If is of the form and occurs in then we look at the principal deduction of by induction hypothesis : if we fail to compute a principal deduction for then there is no principal deduction for either. If such a deduction does exist, then we can extend it as follows.
is of the form and does not occur in ; this case cannot occur since it violates the condition on linear lambda terms (we must bind exactly one occurrence of in ), so we fail.
is of the form . If the algorithm fails for either or , then is untypable and we fail. If not, induction hypothesis gives us a principal proof for and a principal proof for . If necessary, we rename type variables if and such that and have no type variables in common. Since is linear, and cannot share term variables.
If is of the form then we compute the most general unifier of and . If this fails the term is untypable; if not we combine the proofs as follows.
If is a type variable, then we compute the most general unifier of and (with a fresh type variable). If this succeeds and the term is typable, we can produce its principal proof as follows.
The main utility of principal types in the current paper is given by the coherence theorem.
Theorem 3.9 (Coherence)
Suppose and let be a principal type of then
The coherence theorem states that a principal type determines a lambda term uniquely (up to equivalence). Since we work in a linear system, where weakening is not allowed, we only need the special case . This special case of Theorem 3.9 is the following: if with a principal type of then for any such that we have that .
In brief, the principal type algorithm allows us to compute the principal type of a given typable lambda term, whereas the coherence theorem allows us to reconstruct a lambda term (up to equivalence) from a principal type.
We say a sequent is balanced if all atomic types occurring in the sequent occur exactly twice.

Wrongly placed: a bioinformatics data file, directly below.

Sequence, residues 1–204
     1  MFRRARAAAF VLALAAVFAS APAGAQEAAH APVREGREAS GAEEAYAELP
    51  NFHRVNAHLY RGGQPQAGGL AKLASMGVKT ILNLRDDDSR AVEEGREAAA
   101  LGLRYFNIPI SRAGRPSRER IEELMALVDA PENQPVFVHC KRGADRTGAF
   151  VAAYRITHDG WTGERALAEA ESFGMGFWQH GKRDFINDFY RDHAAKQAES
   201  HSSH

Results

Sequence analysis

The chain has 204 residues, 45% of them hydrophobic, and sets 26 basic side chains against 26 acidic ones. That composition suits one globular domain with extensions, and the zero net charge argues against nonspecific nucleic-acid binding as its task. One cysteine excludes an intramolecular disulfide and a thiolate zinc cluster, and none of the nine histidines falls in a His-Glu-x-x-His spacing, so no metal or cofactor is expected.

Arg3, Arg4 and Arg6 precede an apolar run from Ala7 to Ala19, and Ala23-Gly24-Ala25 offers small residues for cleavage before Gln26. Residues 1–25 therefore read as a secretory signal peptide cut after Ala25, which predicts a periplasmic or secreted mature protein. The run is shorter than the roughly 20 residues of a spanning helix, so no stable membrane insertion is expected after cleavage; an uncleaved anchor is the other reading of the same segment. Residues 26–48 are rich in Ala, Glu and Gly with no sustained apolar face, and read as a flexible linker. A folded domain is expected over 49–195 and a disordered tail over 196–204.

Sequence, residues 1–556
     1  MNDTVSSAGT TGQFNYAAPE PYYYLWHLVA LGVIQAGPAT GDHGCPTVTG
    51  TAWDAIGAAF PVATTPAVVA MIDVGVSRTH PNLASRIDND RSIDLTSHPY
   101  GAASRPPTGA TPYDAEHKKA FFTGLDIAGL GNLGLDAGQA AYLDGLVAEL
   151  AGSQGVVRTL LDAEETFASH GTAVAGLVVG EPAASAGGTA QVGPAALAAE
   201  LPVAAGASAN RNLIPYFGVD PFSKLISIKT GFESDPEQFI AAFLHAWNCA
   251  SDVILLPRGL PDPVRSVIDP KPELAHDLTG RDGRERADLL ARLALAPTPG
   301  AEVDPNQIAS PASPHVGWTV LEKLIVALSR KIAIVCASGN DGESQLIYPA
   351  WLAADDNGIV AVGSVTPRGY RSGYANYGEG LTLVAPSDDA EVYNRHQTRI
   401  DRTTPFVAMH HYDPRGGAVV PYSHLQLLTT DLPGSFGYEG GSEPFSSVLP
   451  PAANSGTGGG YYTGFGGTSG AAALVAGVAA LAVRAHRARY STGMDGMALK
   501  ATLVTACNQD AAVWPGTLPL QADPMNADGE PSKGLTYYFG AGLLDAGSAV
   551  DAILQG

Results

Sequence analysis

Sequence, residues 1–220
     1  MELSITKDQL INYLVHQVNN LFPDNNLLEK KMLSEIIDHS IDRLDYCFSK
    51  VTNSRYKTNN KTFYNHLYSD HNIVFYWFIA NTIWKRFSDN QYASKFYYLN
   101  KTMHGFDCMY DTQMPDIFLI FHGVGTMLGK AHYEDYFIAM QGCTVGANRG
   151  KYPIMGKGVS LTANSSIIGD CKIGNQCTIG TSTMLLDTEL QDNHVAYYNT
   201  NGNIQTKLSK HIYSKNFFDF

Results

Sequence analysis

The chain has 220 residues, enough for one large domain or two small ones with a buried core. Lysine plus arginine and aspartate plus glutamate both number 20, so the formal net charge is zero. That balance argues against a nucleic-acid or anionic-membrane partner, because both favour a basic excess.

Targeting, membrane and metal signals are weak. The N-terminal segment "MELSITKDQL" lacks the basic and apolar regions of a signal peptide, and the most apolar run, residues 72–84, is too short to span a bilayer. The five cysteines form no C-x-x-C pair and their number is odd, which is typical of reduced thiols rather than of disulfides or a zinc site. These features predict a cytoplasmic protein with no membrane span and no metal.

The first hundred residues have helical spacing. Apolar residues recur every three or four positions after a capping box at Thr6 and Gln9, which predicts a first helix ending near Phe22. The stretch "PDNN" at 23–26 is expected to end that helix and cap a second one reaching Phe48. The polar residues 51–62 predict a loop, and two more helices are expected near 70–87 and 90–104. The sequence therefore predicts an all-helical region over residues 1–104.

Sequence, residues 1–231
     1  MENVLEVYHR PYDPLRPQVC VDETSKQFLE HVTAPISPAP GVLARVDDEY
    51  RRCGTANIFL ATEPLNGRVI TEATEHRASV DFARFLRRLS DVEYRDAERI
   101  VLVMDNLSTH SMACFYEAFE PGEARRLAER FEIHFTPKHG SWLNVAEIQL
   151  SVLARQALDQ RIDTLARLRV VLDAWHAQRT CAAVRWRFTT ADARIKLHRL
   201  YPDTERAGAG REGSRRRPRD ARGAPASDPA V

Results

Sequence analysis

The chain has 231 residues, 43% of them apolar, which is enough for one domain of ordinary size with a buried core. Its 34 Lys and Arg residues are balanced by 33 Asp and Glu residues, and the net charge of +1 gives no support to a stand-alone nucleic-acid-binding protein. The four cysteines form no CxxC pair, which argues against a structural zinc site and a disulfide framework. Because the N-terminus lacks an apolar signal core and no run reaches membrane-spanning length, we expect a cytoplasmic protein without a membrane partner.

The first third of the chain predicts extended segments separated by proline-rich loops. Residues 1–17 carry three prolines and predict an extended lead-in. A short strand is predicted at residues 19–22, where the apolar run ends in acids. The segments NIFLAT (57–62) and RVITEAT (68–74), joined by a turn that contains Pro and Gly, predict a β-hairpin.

The following lemmas are easy consequences of 1) the Curry-Howard isomorphism between linear lambda terms and Intuitionistic Linear Logic (ILL), which allows us to interpret the linear type constructor “” as the logical connective “” 2) the correspondence between (normal) natural deduction proofs and (cut-free) proof nets and 3) the fact that renaming the conclusions of the axiom links in a proof net gives another proof net.
If is a linear lambda term with free variables then the principal type of is balanced. Hence the principal type of is balanced.
Proof Compute the natural deduction proof of and convert it to a ILL proof net. By subject reduction (Lemma 3.4), normalization/cut elimination keeps the type invariant. Let be the cut-free proof net which corresponds to the natural deduction proof of and which has the same type as . We obtain a balanced proof net by using a different atomic formula for all axiom links. From this proof net, we can obtain all other types of by renaming the axiom links (allowing for non-atomic axiom links), hence it is a principal type and it is balanced by construction.
If is a beta-normal lambda term with free variables and if has a balanced typing then is linear.
Proof If has a balanced typing, then from this typing we can construct a unique cut-free ILL proof net of . Since it is an ILL proof net, this lambda term must be linear and therefore as well.
To illustrate the principal type algorithm, we give two examples in this section.
As a first example, we compute the principal proof of as follows.
The substitutions (for the topmost rule) and (for the bottom rule) have been left implicit in the proof.
As a second example, the principal proof of is the following.